The reasons for false positives and false negatives can be illustrated by a recent resequencing study  that examined nucleotide variation among 20 accessions of rice. Three historical lineages (indica, japonica, and aus) are differentiated by thousands of SNPs across the genome. Owing to their shared ancestry, members of each lineage share common SNP genotypes, that is, linkage disequilibrium among thousands of loci across the genome. This population structure occurs at neutral markers and at phenotypically important quantitative trait nucleotides (QTNs), which are shared by group members as a result of ecological and agricultural selection. Failure to correct for population structure causes false positives because many neutral SNPs are correlated with trait differences among groups. In contrast, correction for population structure adjusts for neutral SNP differences, but also causes false negatives by 'controlling away' the QTNs responsible for differences between structure groups. These complications of population structure can be avoided by more focused GWA studies that use a single historical population, as in most human studies. Alternatively, family-based complex pedigrees eliminate the confounding effects of population structure through controlled crosses.
Arabidopsis has excellent resources for population-based QTL studies. Atwell et al.  performed GWAS with around 200 lines scored for more than 200,000 SNPs, examining 107 phenotypes relating to flowering, development, plant defense, and physiological traits. Because of high levels of population structure they used mixed-model analyses , which control for relatedness among individuals at several levels, reducing spurious correlations between markers and phenotypes. Genetically simple traits such as pathogen resistance or ion concentrations were resolved clearly, showing the power of this approach. For quantitative traits the significant results are enriched near known candidate genes, but often give complex peaks encompassing many genes, without identifying a best candidate. In contrast to human association studies and results from family-based studies in maize (discussed below), individual QTLs with a large effect on phenotype (large-effect QTLs) are clearly evident in Arabidopsis. The authors also conclude that mixed-model analysis may not control for linkage disequilibrium arising from selection, as might be expected for ecologically and agriculturally important traits.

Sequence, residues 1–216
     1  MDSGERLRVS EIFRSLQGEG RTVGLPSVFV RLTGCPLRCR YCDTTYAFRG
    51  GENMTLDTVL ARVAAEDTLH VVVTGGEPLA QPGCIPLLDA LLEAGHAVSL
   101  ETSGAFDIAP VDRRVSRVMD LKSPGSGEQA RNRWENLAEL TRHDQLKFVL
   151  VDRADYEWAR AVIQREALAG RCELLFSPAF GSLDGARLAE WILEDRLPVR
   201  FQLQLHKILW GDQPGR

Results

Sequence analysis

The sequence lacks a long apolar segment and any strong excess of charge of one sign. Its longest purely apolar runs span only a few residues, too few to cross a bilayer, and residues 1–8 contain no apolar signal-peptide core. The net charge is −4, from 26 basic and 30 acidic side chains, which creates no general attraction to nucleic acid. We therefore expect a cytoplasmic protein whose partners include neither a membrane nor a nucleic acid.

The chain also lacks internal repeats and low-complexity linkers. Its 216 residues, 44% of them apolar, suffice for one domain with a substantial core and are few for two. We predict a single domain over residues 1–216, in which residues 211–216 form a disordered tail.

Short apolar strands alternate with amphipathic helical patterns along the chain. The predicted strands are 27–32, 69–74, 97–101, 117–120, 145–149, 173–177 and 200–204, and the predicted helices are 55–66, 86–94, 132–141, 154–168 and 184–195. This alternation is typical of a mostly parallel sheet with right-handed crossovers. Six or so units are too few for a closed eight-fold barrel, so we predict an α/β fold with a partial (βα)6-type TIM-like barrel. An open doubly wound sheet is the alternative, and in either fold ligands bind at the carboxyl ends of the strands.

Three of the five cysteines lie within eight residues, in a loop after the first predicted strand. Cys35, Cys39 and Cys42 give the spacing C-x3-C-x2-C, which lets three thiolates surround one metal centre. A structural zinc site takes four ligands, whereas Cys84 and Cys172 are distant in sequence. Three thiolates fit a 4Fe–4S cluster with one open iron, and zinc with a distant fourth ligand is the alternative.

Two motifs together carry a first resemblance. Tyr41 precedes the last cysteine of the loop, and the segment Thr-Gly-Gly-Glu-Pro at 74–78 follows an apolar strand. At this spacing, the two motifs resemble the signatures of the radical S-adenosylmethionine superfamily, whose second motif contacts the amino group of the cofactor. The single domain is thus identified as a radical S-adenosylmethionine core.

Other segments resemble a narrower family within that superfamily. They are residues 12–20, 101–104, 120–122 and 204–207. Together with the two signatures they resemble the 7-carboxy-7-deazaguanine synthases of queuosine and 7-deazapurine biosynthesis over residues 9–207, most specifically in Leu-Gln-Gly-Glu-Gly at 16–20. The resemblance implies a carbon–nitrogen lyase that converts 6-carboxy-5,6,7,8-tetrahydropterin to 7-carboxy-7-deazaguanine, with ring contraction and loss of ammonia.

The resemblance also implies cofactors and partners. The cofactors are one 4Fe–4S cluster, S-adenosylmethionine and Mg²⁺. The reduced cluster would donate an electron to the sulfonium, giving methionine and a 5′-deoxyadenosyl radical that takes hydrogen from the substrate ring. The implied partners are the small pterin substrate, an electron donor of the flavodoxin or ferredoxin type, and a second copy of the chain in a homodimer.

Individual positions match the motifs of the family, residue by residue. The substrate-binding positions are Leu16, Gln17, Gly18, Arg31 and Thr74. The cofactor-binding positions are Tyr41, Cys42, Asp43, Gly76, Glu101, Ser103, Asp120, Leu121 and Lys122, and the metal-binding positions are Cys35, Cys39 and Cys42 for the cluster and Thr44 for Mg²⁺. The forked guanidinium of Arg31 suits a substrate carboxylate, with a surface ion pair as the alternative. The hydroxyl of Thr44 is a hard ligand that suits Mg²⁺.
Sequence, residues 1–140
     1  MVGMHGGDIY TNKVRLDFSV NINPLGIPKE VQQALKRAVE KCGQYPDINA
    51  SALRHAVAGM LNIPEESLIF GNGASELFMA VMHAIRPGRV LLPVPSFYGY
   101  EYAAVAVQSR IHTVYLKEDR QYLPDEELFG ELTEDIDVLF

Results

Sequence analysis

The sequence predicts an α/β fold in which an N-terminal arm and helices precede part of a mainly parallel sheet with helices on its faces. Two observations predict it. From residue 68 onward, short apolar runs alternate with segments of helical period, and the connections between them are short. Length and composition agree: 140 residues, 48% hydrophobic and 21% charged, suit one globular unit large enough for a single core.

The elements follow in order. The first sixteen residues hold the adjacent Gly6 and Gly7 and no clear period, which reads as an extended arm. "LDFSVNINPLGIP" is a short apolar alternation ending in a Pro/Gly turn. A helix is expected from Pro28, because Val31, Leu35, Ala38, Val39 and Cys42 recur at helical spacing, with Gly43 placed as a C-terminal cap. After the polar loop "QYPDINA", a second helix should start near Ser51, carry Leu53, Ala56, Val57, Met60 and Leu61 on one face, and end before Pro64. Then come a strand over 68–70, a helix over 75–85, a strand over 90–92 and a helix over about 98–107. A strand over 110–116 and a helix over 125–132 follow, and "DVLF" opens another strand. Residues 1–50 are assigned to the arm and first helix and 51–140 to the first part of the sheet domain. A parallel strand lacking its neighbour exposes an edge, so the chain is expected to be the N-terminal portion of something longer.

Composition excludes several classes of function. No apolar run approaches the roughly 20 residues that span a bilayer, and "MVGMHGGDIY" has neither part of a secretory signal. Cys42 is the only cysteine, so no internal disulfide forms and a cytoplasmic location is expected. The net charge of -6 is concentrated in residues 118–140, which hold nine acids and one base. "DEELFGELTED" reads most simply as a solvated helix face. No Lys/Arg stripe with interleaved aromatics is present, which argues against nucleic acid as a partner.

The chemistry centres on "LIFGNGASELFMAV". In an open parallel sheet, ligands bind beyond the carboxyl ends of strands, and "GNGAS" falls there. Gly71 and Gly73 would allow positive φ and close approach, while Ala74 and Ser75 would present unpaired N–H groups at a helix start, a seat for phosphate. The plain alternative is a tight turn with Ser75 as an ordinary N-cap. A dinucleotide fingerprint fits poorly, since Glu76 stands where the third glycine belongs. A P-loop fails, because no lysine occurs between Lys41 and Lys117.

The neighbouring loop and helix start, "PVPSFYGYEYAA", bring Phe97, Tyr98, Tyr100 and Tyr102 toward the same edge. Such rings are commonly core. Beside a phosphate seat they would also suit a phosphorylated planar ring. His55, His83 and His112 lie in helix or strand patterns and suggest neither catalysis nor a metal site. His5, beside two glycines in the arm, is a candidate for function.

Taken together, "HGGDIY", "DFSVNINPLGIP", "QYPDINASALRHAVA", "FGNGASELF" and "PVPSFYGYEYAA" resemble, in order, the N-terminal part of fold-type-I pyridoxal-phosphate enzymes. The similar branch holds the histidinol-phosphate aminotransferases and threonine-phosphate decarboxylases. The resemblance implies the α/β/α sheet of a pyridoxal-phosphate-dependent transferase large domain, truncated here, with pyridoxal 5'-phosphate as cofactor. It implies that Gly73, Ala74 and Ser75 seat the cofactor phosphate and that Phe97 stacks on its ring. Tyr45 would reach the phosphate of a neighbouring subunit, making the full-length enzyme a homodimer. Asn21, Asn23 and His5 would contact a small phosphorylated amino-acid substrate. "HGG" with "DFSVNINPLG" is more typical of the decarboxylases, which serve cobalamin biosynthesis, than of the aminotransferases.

Genotyped populations for GWAS are being developed in plant species other than Arabidopsis, such as barley, maize and rice. In addition, targeted association studies in non-model organisms are able to combine sequence data from candidate genes with information on population structure based on a few thousand markers across the genome .
Family-based QTL mapping
Family-based QTL mapping in complex pedigrees has advantages and disadvantages that are complementary to those of population-based studies (see Box 1). Unlike GWAS, QTL resolution in family-based studies is unlikely to approach the single-gene level, as linkage analysis is based on recombinations accumulated over a few generations during pedigree development. However, most pedigrees avoid the confounding effects of population structure, and therefore escape the false positives and false negatives that can plague association studies.